But until such time, the Earth is where it's at.

Oil will be more expensive without government subsidies. Alternate energy sources, no longer with a subsidized competitor, would be competitive in the marketplace and something would take its place, making it obsolete and removing the problem.

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Jaime Frontero
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July 03, 2011, 05:09:46 PM
 #39


Therefore initiating violence against other people is moral?

never.

but defending ones self from violence is always moral.

who is initiating violence?  i mean - the truth of global warming is clear - and only argued by people like Lord Monckton (who is not a Lord and has a degree in journalism, but has nevertheless been invited to testify before Congress - by Republicans like Inhofe, who is purely owned by Exxon), or Rick Santorum.

at this point, the people who are initiating violence are those who defend one more day's profits of big oil - and who are paid to do so, thinking they'll get to join the club.  they won't.  but they will create a billion climate refugees in the course of the next three to four decades.  where will they go?  how will they get there?  what will they eat?  violence, you were saying?

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July 03, 2011, 05:13:17 PM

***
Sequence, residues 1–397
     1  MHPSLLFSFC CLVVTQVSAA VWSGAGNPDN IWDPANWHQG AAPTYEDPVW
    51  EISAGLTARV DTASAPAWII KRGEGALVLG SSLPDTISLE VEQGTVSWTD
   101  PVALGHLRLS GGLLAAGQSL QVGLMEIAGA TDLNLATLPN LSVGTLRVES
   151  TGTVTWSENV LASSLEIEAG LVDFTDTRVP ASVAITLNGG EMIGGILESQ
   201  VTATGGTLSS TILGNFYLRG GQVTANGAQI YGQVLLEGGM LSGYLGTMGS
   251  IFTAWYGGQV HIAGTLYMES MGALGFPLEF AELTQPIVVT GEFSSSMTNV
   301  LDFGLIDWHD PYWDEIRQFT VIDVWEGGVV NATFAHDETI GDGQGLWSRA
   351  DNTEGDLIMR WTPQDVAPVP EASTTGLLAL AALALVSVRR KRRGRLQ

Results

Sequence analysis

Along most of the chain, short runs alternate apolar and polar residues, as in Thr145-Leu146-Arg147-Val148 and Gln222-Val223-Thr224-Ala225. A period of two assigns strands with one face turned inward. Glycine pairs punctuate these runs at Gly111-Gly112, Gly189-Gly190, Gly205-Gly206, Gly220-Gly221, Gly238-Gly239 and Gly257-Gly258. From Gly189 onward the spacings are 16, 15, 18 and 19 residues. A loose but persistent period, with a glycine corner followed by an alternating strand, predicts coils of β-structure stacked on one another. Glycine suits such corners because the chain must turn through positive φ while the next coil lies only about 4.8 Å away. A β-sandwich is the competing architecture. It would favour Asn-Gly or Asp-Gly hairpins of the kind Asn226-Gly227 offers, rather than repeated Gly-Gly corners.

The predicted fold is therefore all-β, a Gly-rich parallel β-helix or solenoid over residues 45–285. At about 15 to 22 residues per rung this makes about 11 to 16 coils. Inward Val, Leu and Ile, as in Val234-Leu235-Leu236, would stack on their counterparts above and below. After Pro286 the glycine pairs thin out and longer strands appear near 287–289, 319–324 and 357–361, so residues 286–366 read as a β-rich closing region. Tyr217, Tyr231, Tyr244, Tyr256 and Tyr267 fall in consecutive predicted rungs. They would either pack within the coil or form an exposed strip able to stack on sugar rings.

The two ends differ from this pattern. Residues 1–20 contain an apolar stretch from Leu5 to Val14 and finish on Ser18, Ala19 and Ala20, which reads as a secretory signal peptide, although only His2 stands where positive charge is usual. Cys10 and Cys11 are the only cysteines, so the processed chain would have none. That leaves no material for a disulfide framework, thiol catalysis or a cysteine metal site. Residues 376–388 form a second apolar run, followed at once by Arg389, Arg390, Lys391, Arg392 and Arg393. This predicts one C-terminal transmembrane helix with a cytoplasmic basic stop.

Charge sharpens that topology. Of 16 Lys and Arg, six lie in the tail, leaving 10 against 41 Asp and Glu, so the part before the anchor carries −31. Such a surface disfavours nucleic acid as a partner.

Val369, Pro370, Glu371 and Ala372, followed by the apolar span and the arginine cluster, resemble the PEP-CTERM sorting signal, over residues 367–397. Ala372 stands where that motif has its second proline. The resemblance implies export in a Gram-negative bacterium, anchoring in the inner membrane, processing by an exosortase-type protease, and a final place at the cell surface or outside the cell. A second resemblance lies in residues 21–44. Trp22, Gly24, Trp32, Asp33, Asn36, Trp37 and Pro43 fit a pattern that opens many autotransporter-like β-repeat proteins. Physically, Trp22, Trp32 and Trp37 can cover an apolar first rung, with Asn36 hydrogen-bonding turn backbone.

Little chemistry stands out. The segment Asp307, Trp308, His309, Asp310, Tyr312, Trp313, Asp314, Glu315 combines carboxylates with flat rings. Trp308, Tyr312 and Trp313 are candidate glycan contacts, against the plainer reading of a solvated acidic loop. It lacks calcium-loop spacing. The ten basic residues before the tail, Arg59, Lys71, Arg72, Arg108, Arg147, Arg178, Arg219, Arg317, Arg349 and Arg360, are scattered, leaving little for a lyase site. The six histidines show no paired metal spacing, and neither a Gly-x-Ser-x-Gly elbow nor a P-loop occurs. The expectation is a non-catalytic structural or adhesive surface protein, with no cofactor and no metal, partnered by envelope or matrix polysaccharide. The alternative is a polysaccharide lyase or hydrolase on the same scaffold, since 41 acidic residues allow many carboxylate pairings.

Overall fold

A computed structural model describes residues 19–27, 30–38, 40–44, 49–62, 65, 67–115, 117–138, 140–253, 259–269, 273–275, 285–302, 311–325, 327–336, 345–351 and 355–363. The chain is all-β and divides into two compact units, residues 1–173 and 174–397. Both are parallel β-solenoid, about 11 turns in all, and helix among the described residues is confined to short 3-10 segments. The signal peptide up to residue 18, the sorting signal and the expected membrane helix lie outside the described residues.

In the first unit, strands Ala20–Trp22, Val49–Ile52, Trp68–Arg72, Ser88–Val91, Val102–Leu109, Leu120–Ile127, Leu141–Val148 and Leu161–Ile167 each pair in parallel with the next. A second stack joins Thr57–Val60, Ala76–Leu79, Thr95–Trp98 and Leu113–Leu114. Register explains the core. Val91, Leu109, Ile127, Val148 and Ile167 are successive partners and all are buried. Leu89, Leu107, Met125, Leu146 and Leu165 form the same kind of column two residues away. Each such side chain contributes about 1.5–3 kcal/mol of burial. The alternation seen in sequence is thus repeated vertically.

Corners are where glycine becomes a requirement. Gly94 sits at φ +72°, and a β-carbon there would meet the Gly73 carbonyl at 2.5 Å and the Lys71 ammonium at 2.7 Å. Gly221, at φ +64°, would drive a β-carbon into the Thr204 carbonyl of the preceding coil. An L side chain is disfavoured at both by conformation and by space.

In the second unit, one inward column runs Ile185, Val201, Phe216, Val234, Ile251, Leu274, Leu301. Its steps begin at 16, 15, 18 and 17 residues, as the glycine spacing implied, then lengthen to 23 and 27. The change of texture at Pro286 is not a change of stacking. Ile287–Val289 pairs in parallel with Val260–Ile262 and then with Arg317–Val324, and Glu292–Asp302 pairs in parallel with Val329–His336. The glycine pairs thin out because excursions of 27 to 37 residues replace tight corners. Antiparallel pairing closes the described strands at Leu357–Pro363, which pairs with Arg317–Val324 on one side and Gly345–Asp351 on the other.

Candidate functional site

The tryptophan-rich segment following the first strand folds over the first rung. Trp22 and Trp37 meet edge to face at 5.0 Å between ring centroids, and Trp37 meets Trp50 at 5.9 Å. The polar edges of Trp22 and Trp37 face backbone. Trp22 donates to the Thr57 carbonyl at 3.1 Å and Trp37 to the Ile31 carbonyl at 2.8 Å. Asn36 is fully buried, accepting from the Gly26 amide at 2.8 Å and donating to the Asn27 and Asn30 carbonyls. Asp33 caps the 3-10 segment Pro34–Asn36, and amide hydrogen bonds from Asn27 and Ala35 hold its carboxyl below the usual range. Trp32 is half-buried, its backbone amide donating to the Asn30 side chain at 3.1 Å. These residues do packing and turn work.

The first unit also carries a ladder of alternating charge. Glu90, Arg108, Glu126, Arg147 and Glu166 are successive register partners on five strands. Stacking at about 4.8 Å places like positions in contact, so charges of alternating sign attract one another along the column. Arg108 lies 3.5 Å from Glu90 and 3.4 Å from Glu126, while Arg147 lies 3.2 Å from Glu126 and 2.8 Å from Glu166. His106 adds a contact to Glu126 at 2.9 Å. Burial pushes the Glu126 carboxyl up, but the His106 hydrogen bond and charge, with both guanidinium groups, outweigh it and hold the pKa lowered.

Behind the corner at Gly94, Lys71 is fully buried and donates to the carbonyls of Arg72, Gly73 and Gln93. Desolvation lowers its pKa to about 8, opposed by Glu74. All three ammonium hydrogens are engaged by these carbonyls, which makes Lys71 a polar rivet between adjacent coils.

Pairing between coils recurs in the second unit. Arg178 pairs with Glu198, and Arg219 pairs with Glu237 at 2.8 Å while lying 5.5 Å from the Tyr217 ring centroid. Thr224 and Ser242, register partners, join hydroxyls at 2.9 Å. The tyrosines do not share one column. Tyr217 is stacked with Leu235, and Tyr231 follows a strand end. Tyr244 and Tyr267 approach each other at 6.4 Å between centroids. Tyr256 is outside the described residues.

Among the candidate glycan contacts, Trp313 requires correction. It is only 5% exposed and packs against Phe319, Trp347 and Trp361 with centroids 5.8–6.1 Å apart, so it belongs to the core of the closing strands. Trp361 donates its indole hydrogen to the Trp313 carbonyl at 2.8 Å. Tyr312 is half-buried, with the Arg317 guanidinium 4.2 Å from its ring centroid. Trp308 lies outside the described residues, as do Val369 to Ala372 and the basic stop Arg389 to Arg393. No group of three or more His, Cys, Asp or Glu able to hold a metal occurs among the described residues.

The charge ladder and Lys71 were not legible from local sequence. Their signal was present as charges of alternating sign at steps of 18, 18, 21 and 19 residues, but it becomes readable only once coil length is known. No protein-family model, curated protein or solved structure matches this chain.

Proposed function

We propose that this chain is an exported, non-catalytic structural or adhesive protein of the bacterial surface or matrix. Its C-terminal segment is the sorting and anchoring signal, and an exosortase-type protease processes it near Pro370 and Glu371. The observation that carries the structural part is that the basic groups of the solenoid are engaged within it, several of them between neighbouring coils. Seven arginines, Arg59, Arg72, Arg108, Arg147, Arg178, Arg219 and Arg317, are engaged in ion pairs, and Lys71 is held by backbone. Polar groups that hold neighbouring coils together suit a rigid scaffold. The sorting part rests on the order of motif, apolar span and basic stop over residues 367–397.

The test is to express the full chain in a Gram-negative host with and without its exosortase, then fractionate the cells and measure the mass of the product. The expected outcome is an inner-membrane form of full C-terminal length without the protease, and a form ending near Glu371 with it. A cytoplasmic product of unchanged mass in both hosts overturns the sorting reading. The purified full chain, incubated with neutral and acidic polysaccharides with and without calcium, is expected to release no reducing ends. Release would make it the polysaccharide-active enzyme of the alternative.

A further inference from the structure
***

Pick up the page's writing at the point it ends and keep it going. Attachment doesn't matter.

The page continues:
#40

If not, how do you know resources are diminishing? It seems we're finding new resources at least as fast as we're using them up.
Sure. The Singularity will arise, and provide us with the technology to build a space faring species, resulting in a solar system wide economy, enveloping first the Asteroid Belt, then the gas giants, then the Kuiper Belt, then the Oort Cloud, then the nearby stars, ultimately resulting in a trans-human diaspora across the Milky Way. The Human Experience will ultimately harness the power of stars, and most of us will live in Dyson Spheres until the heat death of the Universe.

But until such time, the Earth is where it's at.
Still, we are finding new resources faster than we are using them up. Blubber, horses, coal, oil, uranium, solar, there is no evidence even the usable resources on Earth are decreasing. We are better off using the resources more quickly and developing the technology and prosperity to find more resources than we are trying to slow ourselves down. You don't turn the wheel of the car until you get to the curve.